… the law allows the CAPCOs to keep all the money invested in them by the state, plus 80 percent of the profits generated. Critics have called it a “massive corporate giveaway,” [reporter Kathleen Gallagher] writes.One new point in her story is a Minnesota study of Wisconsin’s earlier CAPCO program, which found that rather than increasing it may have actually displaced the total amount of venture capital funding in Wisconsin. …The language of the bill is quite convoluted, and most legislators never understand it. I’d love to hear a detailed explanation of the Wisconsin bill by its sponsors, Sen. Randy Hopper (R-Fond du Lac) and Rep. Gary Tauchen (R-Bonduel).The CAPCOs have a set game plan and typically grab all the state funding before any real venture capital companies can get a dollar of it. “Local venture capital people often support the bill because they think they’ll get the money,” says [Rutgers University Prof. Sass] Rubin. “But they never do. It’s a con.” …Rubin cites an earlier law passed in Wisconsin, a 25 percent tax credit for angel investors, as a far more sensible way to go. “It’s just enough money to encourage investment, but you’re not screwing up the market and becoming the only reason they invest.”
Wisconsin previously passed a CAPCO bill in 1998 which created a $50 million venture capital fund. Normally, experts say, a venture capital fund attracts money from investors, invests it in start-up companies and then returns the principal plus 70 to 80 percent of the profits to the investors. But under the CAPCO model, the state was the investor and got nothing back: None of the profits flowed back to it, and none of the principal was returned.The state Legislative Audit Bureau found it cost $90,000 per job for that CAPCO program. That’s an outrageous cost, but actually better than the experience in most states. Florida spent $150 million and lost 150 jobs. New York spent $280 million but lost 88 jobs.A study done for the National Association of Seed and Venture Funds found that state subsidized CAPCOs gained “10 times the return” of unsubsidized companies.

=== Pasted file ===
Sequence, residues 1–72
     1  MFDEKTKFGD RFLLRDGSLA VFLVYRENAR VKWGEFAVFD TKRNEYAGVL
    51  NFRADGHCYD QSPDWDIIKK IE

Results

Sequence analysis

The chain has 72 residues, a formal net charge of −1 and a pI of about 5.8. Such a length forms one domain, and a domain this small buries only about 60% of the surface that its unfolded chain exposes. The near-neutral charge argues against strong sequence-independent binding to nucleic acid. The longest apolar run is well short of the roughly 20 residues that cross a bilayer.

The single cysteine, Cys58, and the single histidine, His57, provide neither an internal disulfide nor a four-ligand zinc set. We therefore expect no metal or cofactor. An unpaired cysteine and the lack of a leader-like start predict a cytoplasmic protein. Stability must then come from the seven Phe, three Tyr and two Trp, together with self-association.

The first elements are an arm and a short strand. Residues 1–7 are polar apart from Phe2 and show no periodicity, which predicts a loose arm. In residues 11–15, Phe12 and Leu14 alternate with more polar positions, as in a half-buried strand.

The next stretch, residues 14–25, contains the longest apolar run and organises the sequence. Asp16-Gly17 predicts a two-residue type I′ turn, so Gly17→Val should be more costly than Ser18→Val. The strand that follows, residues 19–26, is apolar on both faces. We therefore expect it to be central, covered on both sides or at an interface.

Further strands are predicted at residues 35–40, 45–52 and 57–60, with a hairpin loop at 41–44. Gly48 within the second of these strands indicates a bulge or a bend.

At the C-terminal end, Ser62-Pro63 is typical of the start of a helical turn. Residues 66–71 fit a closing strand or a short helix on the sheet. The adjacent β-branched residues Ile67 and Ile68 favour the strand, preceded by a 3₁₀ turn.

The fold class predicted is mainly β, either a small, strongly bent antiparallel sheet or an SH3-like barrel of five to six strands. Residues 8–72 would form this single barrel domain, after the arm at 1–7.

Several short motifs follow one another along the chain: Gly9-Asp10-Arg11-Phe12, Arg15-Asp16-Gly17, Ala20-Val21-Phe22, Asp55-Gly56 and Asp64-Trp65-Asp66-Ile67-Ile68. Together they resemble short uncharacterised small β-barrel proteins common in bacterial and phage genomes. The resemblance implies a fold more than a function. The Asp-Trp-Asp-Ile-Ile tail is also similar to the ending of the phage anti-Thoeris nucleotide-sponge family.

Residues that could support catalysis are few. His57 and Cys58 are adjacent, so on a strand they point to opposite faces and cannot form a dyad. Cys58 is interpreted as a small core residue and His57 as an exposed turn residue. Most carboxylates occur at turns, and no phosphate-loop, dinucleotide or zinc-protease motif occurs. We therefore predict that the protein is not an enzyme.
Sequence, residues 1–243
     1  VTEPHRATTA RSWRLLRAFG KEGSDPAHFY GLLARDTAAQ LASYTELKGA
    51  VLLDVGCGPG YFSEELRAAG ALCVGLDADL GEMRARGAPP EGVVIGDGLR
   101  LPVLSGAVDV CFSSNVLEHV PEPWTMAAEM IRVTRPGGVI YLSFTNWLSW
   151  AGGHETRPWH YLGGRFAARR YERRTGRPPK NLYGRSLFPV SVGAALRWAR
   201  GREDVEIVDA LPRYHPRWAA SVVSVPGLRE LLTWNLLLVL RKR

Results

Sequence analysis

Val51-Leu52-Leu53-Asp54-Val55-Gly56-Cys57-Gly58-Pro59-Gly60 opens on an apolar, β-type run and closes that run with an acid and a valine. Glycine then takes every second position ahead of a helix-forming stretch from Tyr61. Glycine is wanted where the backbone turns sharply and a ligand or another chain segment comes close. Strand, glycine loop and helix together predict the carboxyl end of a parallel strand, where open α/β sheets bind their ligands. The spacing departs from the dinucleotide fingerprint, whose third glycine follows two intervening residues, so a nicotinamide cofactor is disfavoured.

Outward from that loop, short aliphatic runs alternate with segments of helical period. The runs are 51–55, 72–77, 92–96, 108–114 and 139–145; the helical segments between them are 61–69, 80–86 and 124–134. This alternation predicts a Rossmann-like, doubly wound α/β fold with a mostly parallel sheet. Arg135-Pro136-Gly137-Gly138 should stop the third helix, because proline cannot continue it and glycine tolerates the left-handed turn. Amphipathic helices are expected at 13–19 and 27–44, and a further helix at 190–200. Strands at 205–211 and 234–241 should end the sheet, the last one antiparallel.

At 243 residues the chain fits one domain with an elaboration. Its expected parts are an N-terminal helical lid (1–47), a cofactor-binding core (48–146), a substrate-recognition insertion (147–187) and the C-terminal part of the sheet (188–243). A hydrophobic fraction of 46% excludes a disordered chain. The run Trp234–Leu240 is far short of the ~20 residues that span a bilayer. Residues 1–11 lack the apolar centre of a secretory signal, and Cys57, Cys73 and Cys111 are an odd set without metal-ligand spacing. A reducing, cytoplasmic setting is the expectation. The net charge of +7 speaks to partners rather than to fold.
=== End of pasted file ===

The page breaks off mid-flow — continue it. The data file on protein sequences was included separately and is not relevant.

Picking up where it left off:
The plan would offer $200 million in future tax credits to insurers not because anyone likes them but because they’re giant pools of investment money. They’d put up the cash, $250 million, that other management companies would parcel out to entrepreneurs, and the tax credits would ensure they wouldn’t lose their shirts. The credits are a lure, nothing more.Still, why the special inducements? Why the tax gimmicks, which are what high-tax, regulatory hells offer? Why not stick with the program of making taxes more reasonable generally and regulation more rational for all? Sen. Glenn Grothman called it “the most dubious giveaway I’ve seen since I’ve been in the legislature,” and Tom Hefty, Mr. Business Climate, calls it suspect. Experts get quoted by the Journal Sentinel as saying it’s a deal of dubious worth.Hit the brakes. Read the prospectus carefully, as they say in those ads, because if forgoing future tax revenue is to be considered an investment in luring capital to Wisconsin start-ups, it isn’t an investment that state lawmakers have spent enough time examining.